Article Summary: Levy, Leo B., "The Problem of Faith in `Young Goodman Brown'”, Journal of English and Germanic Philology. 75(3) July 1975: 375-87.
In "The Problem of Faith in `Young Goodman Brown'” (Journal of English and Germanic Philology, July, 1975), Leo Levy finds that the story is ambiguous about whether the protagonist is dreaming, mentally disturbed or undergoing a crisis of faith (Faith) because all three elements are present in the story. Although the most important event in the story is the witch’s Sabbath in the forest, Hawthorne never makes it clear if this was a real or imaginary experience, although Goodman Brown most certainly believes it really happened. It changes his life and personality completely in that it makes him suspicious of everyone in Salem Village, including his wife Faith. Since it is real for him, Hawthorne indicates that it does not matter if it was only a dream or hallucination. His faith, trust and innocence, perhaps symbolized by the pink ribbons on his wife’s cap, are lost forever and he cannot recover them. Even if it was a nightmare, it became the most important part of Brown’s concrete, daily reality.
After summarizing the story in five paragraphs, Levy goes on to explain that Brown never knows if Faith was truly able to resist evil, and implies that he will never know for certain. According to Levy’s Freudian viewpoint, the desire to act on evil impulses resides in the id, while conscience and morality are in the superego, which are in conflict for control of his ego or conscious personality. This is the part of Brown that finally cries out to be saved, causing the witch’s Sabbath to vanish, so the story is really about “the defeat of the id by the ego and the superego” (Levy 378) This leaves him gloomy, withdrawn and depressed afterwards because he has repressed in instincts and impulses.
Levy regards this as only a partially correct interpretation of the story, however, since religion and theology are really the central themes for Hawthorne. Viewed from this perspective, Brown is depressed because he realizes that everyone in the world is sinful and depraved after all, just as John Calvin and the Puritans always claimed. He understood this only superficially before he spent the night in the woods, but has now come to understand it on a very profound level. This is also how Henry James explains the story, even though he regards it as basically irrational. Perhaps no one can be saved at all, since even Faith may have made a secret agreement with the Devil, just as Brown fears. He sees other members of the Salem Village church who he thought were above suspicion are actually part of Satan’s congregation, including at least two who are later executed for witchcraft.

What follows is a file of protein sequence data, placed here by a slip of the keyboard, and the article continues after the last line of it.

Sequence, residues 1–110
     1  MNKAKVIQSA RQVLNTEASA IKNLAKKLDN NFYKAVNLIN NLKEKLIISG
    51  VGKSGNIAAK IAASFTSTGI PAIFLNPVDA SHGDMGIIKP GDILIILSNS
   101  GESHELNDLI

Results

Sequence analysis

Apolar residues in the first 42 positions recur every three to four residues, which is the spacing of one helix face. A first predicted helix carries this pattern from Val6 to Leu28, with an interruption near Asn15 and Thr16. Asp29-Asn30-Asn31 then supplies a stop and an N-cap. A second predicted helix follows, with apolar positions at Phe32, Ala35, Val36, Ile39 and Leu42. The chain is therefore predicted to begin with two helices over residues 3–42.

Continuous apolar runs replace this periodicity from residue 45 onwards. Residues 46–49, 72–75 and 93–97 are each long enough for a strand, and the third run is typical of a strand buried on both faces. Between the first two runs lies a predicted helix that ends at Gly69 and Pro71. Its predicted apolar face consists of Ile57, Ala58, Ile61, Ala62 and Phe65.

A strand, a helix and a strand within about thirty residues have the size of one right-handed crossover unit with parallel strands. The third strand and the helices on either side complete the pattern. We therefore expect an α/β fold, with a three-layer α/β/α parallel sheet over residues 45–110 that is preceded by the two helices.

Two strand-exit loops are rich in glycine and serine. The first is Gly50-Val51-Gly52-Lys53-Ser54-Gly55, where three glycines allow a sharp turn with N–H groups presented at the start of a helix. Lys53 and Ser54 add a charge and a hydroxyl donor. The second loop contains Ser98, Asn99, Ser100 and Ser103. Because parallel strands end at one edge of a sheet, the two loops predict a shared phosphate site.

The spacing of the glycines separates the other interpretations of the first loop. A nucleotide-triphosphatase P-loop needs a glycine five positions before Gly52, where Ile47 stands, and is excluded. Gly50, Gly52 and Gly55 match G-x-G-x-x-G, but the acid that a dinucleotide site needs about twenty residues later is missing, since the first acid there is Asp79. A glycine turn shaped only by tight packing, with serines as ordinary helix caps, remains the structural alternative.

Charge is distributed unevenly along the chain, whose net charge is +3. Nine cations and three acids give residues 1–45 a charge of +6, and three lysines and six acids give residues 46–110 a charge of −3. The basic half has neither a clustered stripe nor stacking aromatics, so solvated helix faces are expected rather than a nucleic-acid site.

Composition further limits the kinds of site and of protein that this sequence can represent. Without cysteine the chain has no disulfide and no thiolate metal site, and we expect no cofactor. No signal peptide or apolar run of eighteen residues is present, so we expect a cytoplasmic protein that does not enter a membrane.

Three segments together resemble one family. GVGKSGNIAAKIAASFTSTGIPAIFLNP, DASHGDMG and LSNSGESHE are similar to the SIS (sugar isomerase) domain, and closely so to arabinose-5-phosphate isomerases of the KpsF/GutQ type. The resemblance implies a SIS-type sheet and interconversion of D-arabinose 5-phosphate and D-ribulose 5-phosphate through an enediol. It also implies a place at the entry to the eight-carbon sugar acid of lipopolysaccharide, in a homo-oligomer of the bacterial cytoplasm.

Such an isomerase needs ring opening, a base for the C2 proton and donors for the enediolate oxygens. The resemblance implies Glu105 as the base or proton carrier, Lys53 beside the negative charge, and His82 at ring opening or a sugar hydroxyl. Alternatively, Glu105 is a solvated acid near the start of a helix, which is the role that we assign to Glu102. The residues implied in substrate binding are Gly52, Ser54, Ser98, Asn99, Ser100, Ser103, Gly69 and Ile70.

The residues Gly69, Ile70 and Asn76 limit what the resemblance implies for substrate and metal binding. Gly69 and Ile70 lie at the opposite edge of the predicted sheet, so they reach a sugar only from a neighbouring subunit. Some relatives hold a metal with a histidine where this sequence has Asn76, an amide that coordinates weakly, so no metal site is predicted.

Levy points out how many critics disagree about whether Faith is even a real character at all or just a symbol and allegory of Calvinist religious beliefs. Perhaps she is both, but in Brown’s mind he can also call out to her in an effort to save himself from damnation. Yet Brown is unsure of her, even until the day he dies, and can only know that he was able to resist the Devil at the last minute. Faith gives the appearance of being an angel, but perhaps this is simply part of the whole grand deception of Satan. Nor is there any agreement about whether her pink ribbons symbolize purity and innocence or sinfulness and sensuality. According to Levy, Hawthorne seems to be saying that “that faith is a self-consistent principle, however unreliable and unpredictable” (Levy 382). Yet for Brown, when he sees the ribbons floating in the forest, his own faith is destroyed forever, as if it has abandoned him. In purely religious terms, then, Young Goodman Brown is left totally alone at the end of the story, unable to find his faith again, and this is how he will go to his grave.
Levy, Leo B., "The Problem of Faith in `Young Goodman Brown'”, Journal of English and Germanic Philology. 75(3) July 1975: 375-87.